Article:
Food, of course, was not in short supply. There are two buffet restaurants which serve breakfast and lunch, a grill serving in the afternoon, a fairly constant salad bar, room service, and the main dining room.
Westerdam's dining room is located very low in the ship. It has only portholes, no windows, and is very stable. That's good, if you're there to eat and not gaze at the scenery.
The dining room's meals were good, but not great. One major problem appears to be the location of the kitchen. The waiters told us this is their least favorite HAL ship, since there is a fairly long carry from the kitchen to the table.
Also, HAL's table service organization is different from most other lines. The waiter is responsible for both serving and bussing his own table. This is not as efficient as other lines, and leads to some long waits between courses.
Another hot tip: The Lido dining room, on the Upper Promenade Deck frequently had long lines. The Verandah dining room, on the other hand, rarely had more than a few people in line. Same food as the Lido, of course.
After departure from Port Everglades, we sailed to Nassau in the Bahamas. We arrived there Sunday morning, almost everything was closed, and the general consensus was it was a day wasted.
From Nassau, we had a day at sea, then arrived Tuesday morning in San Juan, Puerto Rico. Last year's Bash Cruise had arrived there just as everything closed in the afternoon, and the feeling was that a whole day there would be great. Unfortunately, Puerto Rico had a visit from George the Hurricane about a month earlier, and the island has not fully recovered yet. We were unable to visit the rain forest, concessions at the beach were closed due to no electricity, and getting anywhere on the island without traffic lights to control the traffic flow was a nightmare.
After leaving Puerto Rico at midnight, we docked in St. Thomas early Wednesday morning. We spent the day there, doing what tourists do in St. Thomas. We shopped, went snorkeling or scuba diving, shopped, took tours of the island, shopped, and went back to the ship.
Thursday was a day at sea.
Friday was supposed be to at HAL's private beach in the Bahamas. When I looked out my cabin window and saw the wind whipping the tops off the waves, I figured it wasn't gonna happen. Sure enough, the captain soon announced that due to high winds, we would be unable to beach it that day. All the passengers received a $25 refund for the port charges, a free glass of champagne at dinner, and we slowly sailed toward Florida. New activities were added, and most seemed to take it in stride.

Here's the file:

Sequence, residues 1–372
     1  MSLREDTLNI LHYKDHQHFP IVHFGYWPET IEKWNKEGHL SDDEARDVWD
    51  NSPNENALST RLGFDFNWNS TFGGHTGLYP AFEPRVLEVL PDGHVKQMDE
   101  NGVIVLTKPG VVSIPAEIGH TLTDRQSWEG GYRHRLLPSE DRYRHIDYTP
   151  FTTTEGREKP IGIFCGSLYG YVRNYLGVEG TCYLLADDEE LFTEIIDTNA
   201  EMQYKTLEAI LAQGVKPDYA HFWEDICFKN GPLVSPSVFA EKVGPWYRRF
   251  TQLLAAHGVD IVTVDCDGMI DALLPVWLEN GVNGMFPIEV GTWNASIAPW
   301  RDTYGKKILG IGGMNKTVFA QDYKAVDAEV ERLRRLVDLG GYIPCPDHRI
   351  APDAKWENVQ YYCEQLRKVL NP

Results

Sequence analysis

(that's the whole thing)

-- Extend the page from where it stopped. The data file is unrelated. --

Saturday morning brought us back to Port Everglades.
DebarkationThis could be called the debarkation from hell. All our group was assigned #18, which might have been fine, except some had flights home before 11 a.m.
The ship was about 45 minutes late docking, for some reason. Then, we waited. And waited. And waited. No word on what the problem might be. Finally, around 10:15 a.m., the first group was called for debarkation.
At that point, we rebelled. All of us who were on the chartered bus to the airport went down to the gangway, told them we were leaving, and left. As it was, we made it to the airport with less than 30 minutes until the first flights were due to leave. We all made it, but no thanks to the crew of the Westerdam.
We were informed that the main gangway was inoperative, and debarkation had to be changed to another one. However, that was never communicated to the passengers before we left. When will these service providers learn that informing their customers immediately of problems only makes sense?
Although there was not a hurricane in our area during this cruise, we consistently had seas running about 8 - 10 feet. This is the worst consistent weather we have ever had on a cruise, but not the worst we've ever seen for a day or two. This was the first cruise on which the motion bothered us, and that sentiment was expressed by many other experienced cruisers on this ship.
My opinion is that the stretch made this ship a little less stable in heavy seas. It has an odd, "tailwagging" motion that was uncomfortable at best, and nauseating at worst.
Another minor gripe: It takes a long time to figure out which elevators go up to the Verandah dining room, or down to the main dining room.
My research indicates that the service, motion, and organization of the Westerdam is not typical of HAL. The Ryndam, for example, was debarking at the same time we were, and the passengers there, in the same seas we experienced, had had no problems; their debarkation had gone smoothly, and their dining room service had been excellent.
In other words, we would sail on HAL again, but never on the Westerdam.
Mike Blanche has contributed many reviews and advice articles to the SeaLetter over the years. Mike is also a cruise sysop in the CompuServe UK Travel Forum and can reached for questions or comment at: email@example.com.
Editors Note: We had a total of 52 "cruise bashers" in our group and will be publishing more reviews, articles, photos and "surveys" of our SeaLetter Cruise Bash on the Westerdam over the next several months!
If you have any questions, comments or suggestions, please